Twenty-three million, two hundred and thirty-seven thousand Swiss francs: that’s the figure on everyone’s lips, the price of the famous Patek Philippe Henry Graves sold by Sotheby’s in Geneva on 11 November 2014. It is the most expensive watch ever sold at auction.
This staggering sum places this work of mechanical craftsmanship, signed and commissioned by Patek Philippe but made over five years by Les Fils de Victorin Piguet, watchmakers from the Vallée de Joux, in the realms of a genuine work of art. By way of comparison, the highest price ever paid for a canvas by the Russian master Wassily Kandinsky was 23 million dollars, and that was in an art market gone mad.
- Tim Bourne auctioneering the Henry Graves Supercomplication by Patek Philippe
“This is not a watch you can wear. It is a watch that symbolises strength, power and money,” one ‘watch industry expert’ told AFP. Indeed, a price like that, so utterly disconnected from the object’s use value, illustrates perfectly the symbolic power acquired by mechanical watchmaking over the last two decades.
Sold in 1999 for 11 million dollars, a fantastic sum and also a record for the
time (the watch had been given an estimate of three to five million), it has
more than doubled in price in the space of 15 years. Watchmaking, it could be
argued, has always enjoyed a close relationship with money and power – initially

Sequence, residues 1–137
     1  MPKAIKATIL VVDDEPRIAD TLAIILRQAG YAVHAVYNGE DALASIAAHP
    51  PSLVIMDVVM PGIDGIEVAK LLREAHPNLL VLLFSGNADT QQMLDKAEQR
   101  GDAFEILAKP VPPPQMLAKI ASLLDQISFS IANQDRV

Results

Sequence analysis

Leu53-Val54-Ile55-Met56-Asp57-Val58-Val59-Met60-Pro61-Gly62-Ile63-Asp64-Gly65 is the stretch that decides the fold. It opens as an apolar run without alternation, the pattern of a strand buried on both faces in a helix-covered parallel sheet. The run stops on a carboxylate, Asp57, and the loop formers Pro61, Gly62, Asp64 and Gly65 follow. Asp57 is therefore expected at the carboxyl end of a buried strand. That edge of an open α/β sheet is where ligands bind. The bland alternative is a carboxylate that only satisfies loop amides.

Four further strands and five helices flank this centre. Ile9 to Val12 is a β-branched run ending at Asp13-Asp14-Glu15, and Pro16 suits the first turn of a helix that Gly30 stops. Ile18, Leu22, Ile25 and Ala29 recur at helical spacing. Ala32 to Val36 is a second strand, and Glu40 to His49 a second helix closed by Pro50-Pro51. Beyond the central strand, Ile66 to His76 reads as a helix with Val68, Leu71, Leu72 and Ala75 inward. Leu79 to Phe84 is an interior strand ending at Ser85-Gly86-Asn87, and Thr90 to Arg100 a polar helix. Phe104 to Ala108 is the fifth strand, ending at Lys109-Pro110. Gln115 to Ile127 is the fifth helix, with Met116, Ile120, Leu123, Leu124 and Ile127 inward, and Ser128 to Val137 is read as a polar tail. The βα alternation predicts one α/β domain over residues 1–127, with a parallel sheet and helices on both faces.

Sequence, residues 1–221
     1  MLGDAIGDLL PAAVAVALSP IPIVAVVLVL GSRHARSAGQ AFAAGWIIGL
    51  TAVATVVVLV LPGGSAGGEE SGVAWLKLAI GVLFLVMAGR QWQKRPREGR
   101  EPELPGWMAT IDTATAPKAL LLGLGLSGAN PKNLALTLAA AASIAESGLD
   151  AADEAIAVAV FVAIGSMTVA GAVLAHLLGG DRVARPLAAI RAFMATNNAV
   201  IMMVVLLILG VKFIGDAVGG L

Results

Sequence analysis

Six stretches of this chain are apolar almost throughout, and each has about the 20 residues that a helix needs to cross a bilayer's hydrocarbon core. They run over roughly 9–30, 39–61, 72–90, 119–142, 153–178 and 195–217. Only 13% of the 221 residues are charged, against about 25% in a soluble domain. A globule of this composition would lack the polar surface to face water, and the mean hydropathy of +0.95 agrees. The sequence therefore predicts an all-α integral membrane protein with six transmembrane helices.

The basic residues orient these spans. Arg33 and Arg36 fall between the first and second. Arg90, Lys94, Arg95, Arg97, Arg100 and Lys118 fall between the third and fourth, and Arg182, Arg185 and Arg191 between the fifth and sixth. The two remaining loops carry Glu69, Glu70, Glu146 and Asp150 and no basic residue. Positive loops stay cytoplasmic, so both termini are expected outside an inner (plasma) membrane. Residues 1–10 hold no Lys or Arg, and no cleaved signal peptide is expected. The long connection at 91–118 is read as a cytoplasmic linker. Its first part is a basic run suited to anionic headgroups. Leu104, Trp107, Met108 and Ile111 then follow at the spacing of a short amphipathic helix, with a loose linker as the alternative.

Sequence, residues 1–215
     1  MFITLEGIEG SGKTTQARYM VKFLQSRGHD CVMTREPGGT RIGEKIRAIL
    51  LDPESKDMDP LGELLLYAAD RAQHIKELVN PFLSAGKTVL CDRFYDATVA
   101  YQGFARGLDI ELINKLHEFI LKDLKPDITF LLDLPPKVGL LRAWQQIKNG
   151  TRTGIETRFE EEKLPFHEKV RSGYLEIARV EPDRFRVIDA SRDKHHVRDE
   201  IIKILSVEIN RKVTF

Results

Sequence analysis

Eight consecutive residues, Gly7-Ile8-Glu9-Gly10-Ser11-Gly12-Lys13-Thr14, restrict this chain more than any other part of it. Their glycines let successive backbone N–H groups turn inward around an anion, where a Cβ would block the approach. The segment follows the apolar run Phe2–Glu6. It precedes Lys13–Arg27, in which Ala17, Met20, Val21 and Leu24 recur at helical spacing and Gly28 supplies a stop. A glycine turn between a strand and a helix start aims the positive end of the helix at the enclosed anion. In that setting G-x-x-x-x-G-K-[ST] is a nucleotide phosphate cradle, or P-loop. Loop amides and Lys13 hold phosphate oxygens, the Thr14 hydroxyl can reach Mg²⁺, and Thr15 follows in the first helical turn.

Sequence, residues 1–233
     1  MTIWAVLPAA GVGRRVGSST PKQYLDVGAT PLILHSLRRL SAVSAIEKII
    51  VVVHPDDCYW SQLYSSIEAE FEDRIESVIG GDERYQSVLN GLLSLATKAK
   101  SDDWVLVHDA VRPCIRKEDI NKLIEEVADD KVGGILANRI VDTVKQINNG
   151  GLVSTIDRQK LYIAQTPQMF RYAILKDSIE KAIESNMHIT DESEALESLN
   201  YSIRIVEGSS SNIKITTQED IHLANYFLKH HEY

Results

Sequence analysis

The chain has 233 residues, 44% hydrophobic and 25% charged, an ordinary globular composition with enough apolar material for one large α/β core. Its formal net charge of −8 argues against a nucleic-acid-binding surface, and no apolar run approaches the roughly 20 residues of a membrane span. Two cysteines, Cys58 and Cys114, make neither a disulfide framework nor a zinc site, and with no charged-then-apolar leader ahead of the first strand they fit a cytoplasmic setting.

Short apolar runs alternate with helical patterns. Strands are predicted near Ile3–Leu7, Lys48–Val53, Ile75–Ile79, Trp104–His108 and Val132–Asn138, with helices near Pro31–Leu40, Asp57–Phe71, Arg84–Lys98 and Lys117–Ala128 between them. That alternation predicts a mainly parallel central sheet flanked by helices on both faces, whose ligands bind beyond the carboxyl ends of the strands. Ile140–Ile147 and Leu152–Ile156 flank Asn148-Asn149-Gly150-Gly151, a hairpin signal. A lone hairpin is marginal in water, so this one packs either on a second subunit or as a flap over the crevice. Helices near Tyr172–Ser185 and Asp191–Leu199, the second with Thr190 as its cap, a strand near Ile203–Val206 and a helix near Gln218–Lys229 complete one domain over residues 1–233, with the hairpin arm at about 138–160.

this meant royalty and the church.
But in the 15th century, the craft was also considered super hi-tech; watches were among the most futuristic objects that could be conceived of. A little like smartwatches today.
This gradual slide from utility to contemplation, from technicality to poetry, is both watchmaking’s good luck, and potentially its downfall.
From our 21st-century standpoint, the technology showcased in the Graves watch, however exceptional, is completely obsolete. In this respect it illustrates
perfectly the paradox by which Swiss watchmaking lives and prospers:
it produces exceptional objects that are in many respects a technological dead
end, whose monetary value is completely divorced from their use value.
Telling the time as accurately as possible (or the least inaccurately possible),
chiming the hour, displaying the date (provided it is before 2100) or moon
phase, even calculating the equation of time, have become ‘gratuitous’ functions,
just as a work of art is ‘gratuitous’.
This gradual slide from utility to contemplation, from technicality to poetry, is both watchmaking’s good luck, and potentially its downfall. In a world that has fallen prey to directionless frenzy, the tick-tock is reassuring, just like a roaring fire in the hearth (which is also pointless in our overheated houses).
The tick-tock has a human quality; it connects us with a notion of immortality.
It tells us, or helps us believe, that not everything has changed, that from
generation to generation, some things persist.
As Patek Philippe’s advertising so compellingly suggests, in fact... But this symbolic power of watchmaking, this ‘good luck’, is also its limitation.
As we know, symbols don’t last for ever. Not even diamonds: all it takes is a little pure oxygen and a torch, and they can vanish in a puff of vapour.
Source: Europa Star December - January 2015 Magazine Issue